Janusz Kaczorowski, PhD,, Martin Dawes, MBBS, MD, FRCGP,, Mark Gelfer, MD,. Measurement of blood pressure: New developments and challenges. BCMJ, Vol. 54, No. 8, October, 2012, Page(s) 399-403 - Clinical Articles.



Above is the information needed to cite this article in your paper or presentation. The International Committee of Medical Journal Editors (ICMJE) recommends the following citation style, which is the now nearly universally accepted citation style for scientific papers:
Halpern SD, Ubel PA, Caplan AL, Marion DW, Palmer AM, Schiding JK, et al. Solid-organ transplantation in HIV-infected patients. N Engl J Med. 2002;347:284-7.

About the ICMJE and citation styles

The ICMJE is small group of editors of general medical journals who first met informally in Vancouver, British Columbia, in 1978 to establish guidelines for the format of manuscripts submitted to their journals. The group became known as the Vancouver Group. Its requirements for manuscripts, including formats for bibliographic references developed by the U.S. National Library of Medicine (NLM), were first published in 1979. The Vancouver Group expanded and evolved into the International Committee of Medical Journal Editors (ICMJE), which meets annually. The ICMJE created the Recommendations for the Conduct, Reporting, Editing, and Publication of Scholarly Work in Medical Journals to help authors and editors create and distribute accurate, clear, easily accessible reports of biomedical studies.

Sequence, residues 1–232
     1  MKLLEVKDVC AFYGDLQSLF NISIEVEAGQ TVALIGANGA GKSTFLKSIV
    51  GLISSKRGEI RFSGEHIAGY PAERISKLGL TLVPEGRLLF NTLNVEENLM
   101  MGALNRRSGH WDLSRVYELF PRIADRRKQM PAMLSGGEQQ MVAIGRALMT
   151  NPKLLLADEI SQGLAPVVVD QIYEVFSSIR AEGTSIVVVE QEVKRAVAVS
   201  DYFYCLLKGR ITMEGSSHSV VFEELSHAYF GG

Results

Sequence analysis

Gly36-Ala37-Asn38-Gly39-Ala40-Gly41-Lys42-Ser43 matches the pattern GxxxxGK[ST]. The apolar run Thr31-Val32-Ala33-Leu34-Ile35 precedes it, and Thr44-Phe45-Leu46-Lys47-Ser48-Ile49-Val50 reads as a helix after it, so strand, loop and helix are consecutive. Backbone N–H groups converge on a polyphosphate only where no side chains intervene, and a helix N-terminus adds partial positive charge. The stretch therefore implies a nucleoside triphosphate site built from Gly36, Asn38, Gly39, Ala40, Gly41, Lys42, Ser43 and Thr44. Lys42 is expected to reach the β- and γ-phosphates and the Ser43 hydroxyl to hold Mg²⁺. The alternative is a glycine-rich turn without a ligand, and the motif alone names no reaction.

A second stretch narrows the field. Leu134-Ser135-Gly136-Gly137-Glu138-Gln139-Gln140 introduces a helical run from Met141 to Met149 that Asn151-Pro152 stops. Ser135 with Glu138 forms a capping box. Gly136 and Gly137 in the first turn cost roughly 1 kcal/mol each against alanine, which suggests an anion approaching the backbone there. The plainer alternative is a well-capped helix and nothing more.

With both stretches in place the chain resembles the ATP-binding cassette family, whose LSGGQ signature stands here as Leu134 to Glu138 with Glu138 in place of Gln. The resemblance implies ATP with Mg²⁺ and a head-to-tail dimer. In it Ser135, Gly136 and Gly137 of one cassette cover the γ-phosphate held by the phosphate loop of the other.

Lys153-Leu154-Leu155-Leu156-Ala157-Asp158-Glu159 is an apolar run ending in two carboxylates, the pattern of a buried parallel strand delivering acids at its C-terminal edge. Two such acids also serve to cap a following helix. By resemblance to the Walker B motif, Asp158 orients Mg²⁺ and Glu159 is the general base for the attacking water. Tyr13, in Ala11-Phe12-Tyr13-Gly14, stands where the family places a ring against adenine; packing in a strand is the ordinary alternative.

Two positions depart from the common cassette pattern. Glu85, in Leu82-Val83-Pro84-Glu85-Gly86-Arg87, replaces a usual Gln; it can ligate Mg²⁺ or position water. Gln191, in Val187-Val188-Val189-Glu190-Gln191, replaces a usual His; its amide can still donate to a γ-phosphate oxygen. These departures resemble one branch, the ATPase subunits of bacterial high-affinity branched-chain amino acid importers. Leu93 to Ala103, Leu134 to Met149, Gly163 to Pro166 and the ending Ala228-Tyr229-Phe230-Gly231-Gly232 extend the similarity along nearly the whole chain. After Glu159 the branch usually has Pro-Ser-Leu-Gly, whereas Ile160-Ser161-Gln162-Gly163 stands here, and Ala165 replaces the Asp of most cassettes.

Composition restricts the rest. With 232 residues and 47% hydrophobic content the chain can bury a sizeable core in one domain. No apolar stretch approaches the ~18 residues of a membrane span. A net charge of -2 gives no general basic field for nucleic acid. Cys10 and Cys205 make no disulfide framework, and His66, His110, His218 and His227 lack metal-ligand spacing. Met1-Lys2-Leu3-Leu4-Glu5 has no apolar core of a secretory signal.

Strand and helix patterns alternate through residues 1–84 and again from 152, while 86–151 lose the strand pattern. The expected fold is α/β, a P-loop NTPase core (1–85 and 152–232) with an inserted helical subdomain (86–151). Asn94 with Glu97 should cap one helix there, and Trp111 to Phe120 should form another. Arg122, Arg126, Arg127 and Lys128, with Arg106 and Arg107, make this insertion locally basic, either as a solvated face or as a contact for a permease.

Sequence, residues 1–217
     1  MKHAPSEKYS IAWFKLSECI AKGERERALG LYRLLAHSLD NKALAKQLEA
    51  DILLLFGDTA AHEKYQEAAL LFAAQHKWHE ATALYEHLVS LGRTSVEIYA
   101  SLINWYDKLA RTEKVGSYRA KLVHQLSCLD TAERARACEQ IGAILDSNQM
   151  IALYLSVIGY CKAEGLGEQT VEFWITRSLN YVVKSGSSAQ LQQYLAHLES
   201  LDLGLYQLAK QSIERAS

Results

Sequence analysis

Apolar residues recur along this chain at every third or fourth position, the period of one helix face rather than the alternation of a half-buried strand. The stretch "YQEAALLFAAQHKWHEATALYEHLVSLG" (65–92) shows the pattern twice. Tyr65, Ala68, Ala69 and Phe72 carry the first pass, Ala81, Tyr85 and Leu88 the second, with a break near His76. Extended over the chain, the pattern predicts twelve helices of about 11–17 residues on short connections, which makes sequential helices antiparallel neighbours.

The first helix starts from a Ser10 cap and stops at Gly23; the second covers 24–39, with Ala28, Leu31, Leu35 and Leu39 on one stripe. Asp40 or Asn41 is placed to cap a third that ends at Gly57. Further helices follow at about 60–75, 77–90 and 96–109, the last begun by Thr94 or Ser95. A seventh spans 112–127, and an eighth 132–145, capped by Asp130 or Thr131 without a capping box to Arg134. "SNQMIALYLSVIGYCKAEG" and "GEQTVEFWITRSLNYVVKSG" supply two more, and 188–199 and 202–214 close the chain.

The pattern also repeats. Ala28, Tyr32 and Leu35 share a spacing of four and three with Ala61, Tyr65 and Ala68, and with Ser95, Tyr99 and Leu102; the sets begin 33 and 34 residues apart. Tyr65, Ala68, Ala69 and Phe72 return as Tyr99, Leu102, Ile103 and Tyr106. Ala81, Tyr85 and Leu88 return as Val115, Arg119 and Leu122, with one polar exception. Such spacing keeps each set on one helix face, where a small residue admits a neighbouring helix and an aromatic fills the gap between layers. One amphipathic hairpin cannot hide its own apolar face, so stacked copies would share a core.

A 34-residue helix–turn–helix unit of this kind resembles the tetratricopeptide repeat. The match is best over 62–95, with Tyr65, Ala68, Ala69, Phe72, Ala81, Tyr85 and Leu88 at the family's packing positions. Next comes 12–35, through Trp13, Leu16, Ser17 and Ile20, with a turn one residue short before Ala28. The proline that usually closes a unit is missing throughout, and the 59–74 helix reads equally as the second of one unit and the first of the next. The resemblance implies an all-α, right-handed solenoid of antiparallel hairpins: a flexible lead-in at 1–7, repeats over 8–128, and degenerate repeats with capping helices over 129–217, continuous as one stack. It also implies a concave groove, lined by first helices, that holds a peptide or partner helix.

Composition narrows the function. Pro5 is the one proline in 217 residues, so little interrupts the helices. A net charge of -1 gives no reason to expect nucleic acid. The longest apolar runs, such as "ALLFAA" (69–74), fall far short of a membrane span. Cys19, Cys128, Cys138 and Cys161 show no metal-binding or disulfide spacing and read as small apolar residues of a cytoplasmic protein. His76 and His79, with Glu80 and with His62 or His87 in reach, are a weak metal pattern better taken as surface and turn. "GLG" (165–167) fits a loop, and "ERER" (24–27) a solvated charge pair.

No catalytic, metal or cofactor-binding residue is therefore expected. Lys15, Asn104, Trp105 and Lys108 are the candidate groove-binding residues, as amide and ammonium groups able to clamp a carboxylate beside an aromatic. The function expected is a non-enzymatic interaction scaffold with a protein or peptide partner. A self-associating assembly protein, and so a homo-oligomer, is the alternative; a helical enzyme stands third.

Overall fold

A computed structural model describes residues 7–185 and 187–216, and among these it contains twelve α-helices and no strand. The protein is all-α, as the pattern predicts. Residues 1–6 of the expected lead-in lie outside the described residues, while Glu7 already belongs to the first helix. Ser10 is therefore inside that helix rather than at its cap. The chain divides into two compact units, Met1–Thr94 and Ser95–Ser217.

An alternate version of ICMJE style is to additionally list the month an issue number, but since most journals use continuous pagination, the shorter form provides sufficient information to locate the reference. The NLM now lists all authors.

BCMJ standard citation style is a slight modification of the ICMJE/NLM style, as follows:

  • Only the first three authors are listed, followed by "et al."
  • There is no period after the journal name.
  • Page numbers are not abbreviated.


For more information on the ICMJE Recommendations for the Conduct, Reporting, Editing, and Publication of Scholarly Work in Medical Journals, visit www.icmje.org

BCMJ Guidelines for Authors

Leave a Reply